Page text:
In the process, new political parties established themselves , mostly representing the interests of a single ethnic group. The competition for political power was thus transformed into ethno-political rivalry. On June 25, 1991, Slovenia and Croatia declared themselves independent after previous referendums . Immediately afterwards, the first armed conflicts broke out between the territorial defense there and the Yugoslav People's Army , which in 1991 was the only federal institution to survive. The war gradually spread to other republics.

Initial political situation

Population structure

Before the Bosnian War, Bosnia and Herzegovina was often considered a miniature Yugoslavia due to its population structure . For a long time, three peoples lived together peacefully: the Muslim Bosniaks, the Orthodox Serbs and the Catholic Croats, with religion only playing a minor role in socialist Yugoslavia. In many parts of the country, these population groups were direct neighbors. According to the 1991 census, of a total of 4.36 million inhabitants, the Bosniaks made up 43.7%, the Serbs 31.4% and the Croats 17.3%; 5.5% declared themselves to be Yugoslavs. In addition, about 2% belonged to other minorities.

Parliamentary elections

The communist regime in Bosnia-Herzegovina was considered to be comparatively repressive. The cause has often been given that the relationships between the nations are so sensitive here that any disruption would escalate immediately. The process of political democratization started relatively late in Bosnia. In January 1990 a new constitution and a multi-party system were adopted, but in April the establishment of parties under national names was banned. This meant that the Bosniak Party had to call itself the Democratic Action Party . The ban was later lifted. The first free elections for the bicameral parliament took place on November 18 and December 2, 1990.

Three nationally defining parties received the most votes, roughly corresponding to the proportion of the population: the Bosniak Party of Democratic Action (SDA) won 86 of the 240 seats in both chambers of parliament, the Serbian Democratic Party (SDS) 70 seats and the Croatian Democratic Party Union in Bosnia and Herzegovina (HDZ BiH) 45 seats. Fikret Abdić (SDA) was elected president but resigned in favor of Alija Izetbegović . Izetbegović could have ruled with a coalition of Bosniaks and Croats, but formed a formal coalition between the three largest parties. The Serb Momčilo Krajišnik became parliamentary president and the Croat Jure Pelivan became prime minister.

Formation of autonomous areas

The self-proclaimed "Serbian Autonomous Oblasts ", or SAOs in Bosnia and Herzegovina for short (1991)

When the government took office in late 1990, the general situation in Yugoslavia was already very tense. At the beginning of 1991 Slobodan Milošević publicly threatened that he would annex entire territories of Croatia and Bosnia if someone tried to replace the federal structure of Yugoslavia with a looser alliance structure. In debates about the federal structure, the Bosnian government sided with Slovenia and Croatia, but could not fully support them because many Bosnians were worried about the prospect that the two republics would leave Yugoslavia. In May 1991 the Bosnian SDS began to demand the separation of large parts of northern and western Bosnia. They were to be united with the Croatian Krajina in a new republic. Three areas of Bosnia with predominantly Serbian inhabitants have been declared Serbian Autonomous Regions by the SDS . A little later, a smaller party in Croatia, the Right Party, demanded the annexation of all of Bosnia by Croatia. In the meantime, in the summer of 1991, an open war had broken out, first in Slovenia and then in Croatia. In early August 1991, the leader of the small Bosniak party Muslimanska bošnjačka organizacija (MBO), Adil Zulfikarpašić , attempted to reach a historic agreement with the SDS that would guarantee the integrity of the Bosnian Republic. Izetbegović protested on the grounds that the Croatians had not even been consulted. A few days after his criticism, the representatives of the SDS announced that they would now boycott the meetings of the state presidency.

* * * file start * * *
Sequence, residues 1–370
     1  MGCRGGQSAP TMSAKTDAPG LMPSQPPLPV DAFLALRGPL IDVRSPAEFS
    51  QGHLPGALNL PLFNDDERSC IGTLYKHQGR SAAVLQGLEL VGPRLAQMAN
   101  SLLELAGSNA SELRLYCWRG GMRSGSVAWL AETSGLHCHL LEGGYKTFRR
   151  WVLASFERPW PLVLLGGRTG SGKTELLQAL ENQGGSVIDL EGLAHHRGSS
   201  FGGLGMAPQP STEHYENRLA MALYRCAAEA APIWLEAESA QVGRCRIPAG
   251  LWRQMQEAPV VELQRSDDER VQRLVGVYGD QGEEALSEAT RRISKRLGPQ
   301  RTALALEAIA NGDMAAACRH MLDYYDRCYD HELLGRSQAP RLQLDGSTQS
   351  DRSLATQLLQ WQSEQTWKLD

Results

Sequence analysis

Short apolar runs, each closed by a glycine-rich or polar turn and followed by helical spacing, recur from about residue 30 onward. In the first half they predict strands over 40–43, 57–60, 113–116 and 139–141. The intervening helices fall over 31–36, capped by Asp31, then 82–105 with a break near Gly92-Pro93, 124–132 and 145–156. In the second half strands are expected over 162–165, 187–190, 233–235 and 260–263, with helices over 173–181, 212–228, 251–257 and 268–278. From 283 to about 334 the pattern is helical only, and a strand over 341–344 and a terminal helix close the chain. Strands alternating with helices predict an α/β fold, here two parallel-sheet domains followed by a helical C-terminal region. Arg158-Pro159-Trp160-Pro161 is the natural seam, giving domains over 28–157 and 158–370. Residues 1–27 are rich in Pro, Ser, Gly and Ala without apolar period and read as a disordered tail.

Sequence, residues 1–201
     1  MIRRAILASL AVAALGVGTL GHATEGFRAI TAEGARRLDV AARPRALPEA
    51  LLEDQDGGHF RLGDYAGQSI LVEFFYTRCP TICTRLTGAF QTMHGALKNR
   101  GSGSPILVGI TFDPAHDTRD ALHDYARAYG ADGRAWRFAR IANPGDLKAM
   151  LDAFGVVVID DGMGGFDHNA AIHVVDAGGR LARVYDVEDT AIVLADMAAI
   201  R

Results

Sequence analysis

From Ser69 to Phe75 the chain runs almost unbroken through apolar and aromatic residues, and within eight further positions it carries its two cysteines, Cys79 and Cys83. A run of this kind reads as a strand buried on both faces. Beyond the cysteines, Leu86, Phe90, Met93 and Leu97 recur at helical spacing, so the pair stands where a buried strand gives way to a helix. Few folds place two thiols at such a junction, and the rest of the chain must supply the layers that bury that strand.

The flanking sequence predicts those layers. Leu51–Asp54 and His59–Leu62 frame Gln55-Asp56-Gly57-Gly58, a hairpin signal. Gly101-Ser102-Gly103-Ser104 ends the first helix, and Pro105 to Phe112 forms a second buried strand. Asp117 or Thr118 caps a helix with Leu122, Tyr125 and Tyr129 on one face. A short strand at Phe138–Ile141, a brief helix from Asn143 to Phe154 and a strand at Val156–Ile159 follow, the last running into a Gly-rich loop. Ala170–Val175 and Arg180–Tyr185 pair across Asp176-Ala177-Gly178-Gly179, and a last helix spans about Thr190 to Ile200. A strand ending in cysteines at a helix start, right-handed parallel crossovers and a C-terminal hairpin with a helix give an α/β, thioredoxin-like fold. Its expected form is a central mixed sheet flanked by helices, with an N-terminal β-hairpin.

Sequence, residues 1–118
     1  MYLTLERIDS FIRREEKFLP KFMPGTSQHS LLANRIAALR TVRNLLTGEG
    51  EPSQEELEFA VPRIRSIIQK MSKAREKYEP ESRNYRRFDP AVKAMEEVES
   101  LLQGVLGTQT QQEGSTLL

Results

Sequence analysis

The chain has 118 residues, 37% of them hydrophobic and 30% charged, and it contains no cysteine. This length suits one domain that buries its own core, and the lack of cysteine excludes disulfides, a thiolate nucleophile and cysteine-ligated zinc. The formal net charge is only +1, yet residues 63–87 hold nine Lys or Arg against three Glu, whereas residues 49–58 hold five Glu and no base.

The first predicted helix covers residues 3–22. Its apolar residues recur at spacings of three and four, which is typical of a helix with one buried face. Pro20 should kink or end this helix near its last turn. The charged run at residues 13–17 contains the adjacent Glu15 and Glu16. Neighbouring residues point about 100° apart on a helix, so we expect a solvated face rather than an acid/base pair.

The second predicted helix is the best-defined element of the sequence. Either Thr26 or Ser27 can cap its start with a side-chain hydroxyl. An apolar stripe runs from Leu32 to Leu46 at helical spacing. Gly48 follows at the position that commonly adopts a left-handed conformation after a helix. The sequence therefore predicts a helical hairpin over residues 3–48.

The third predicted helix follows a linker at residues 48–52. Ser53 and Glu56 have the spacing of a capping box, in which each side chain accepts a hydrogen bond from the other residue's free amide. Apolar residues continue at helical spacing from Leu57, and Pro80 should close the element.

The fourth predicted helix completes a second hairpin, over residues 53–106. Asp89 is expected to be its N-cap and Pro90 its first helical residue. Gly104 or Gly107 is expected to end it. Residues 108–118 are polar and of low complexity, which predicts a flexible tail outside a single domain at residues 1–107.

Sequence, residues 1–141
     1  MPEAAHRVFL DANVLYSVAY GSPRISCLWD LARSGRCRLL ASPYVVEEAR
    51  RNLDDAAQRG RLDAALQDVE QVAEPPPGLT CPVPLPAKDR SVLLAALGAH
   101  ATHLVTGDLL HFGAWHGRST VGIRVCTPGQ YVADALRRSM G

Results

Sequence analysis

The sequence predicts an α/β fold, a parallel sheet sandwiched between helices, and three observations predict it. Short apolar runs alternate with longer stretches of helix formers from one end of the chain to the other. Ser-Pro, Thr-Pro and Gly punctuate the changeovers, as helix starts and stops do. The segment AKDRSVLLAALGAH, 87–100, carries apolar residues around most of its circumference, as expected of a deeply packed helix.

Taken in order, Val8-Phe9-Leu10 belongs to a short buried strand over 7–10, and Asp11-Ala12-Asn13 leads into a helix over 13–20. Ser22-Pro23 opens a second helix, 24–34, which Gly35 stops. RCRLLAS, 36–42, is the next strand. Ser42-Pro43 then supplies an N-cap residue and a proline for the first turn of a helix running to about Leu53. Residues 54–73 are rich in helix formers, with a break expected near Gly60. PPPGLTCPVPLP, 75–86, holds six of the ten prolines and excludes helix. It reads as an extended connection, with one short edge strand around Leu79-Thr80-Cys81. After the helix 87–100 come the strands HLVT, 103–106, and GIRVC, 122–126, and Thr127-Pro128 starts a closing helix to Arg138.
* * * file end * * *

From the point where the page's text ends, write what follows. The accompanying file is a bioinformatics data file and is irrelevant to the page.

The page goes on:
The next step of the SDS leadership in September 1991 was the involvement of the Yugoslav Federal Army to protect the Serbian autonomous regions . Federal troops were relocated to Herzegovina and at the end of September set the borders of the Serbian autonomous region of Herzegovina . Other army bases on Bosnian territory (including in Banja Luka ) were used for military operations against Croatia. Major communication centers were occupied by the army. In the winter of 1991/92 positions for heavy artillery were built around the larger Bosnian cities. When the fighting in Croatia ended in January / February 1992, tanks and artillery of the Federal Army were withdrawn from Croatia with the approval of the UN and relocated to Bosnia.

The underlying political plan was presented at the Congress of the Socialist Party of Serbia on October 9, 1991: “In the new Yugoslav state there will be at least three federal units: Serbia, Montenegro and a unified Bosnia-Knin. If the Bosniaks wish to remain in the new Yugoslav state, they can do so. If they try to fall away, they must know that they are surrounded by Serbian territory. "

The Bosnian parliament discussed whether Bosnia should declare its sovereignty. In a memorandum in October 1991, parliament called for legislative sovereignty within Yugoslavia so that it could theoretically pass laws that could break the federal army's right to use its territory. Before that decision was made, Radovan Karadžić instructed SDS MPs to leave parliament. A few days later, he and his party established a so-called Serbian National Assembly in Banja Luka, the stronghold of the Federal Army .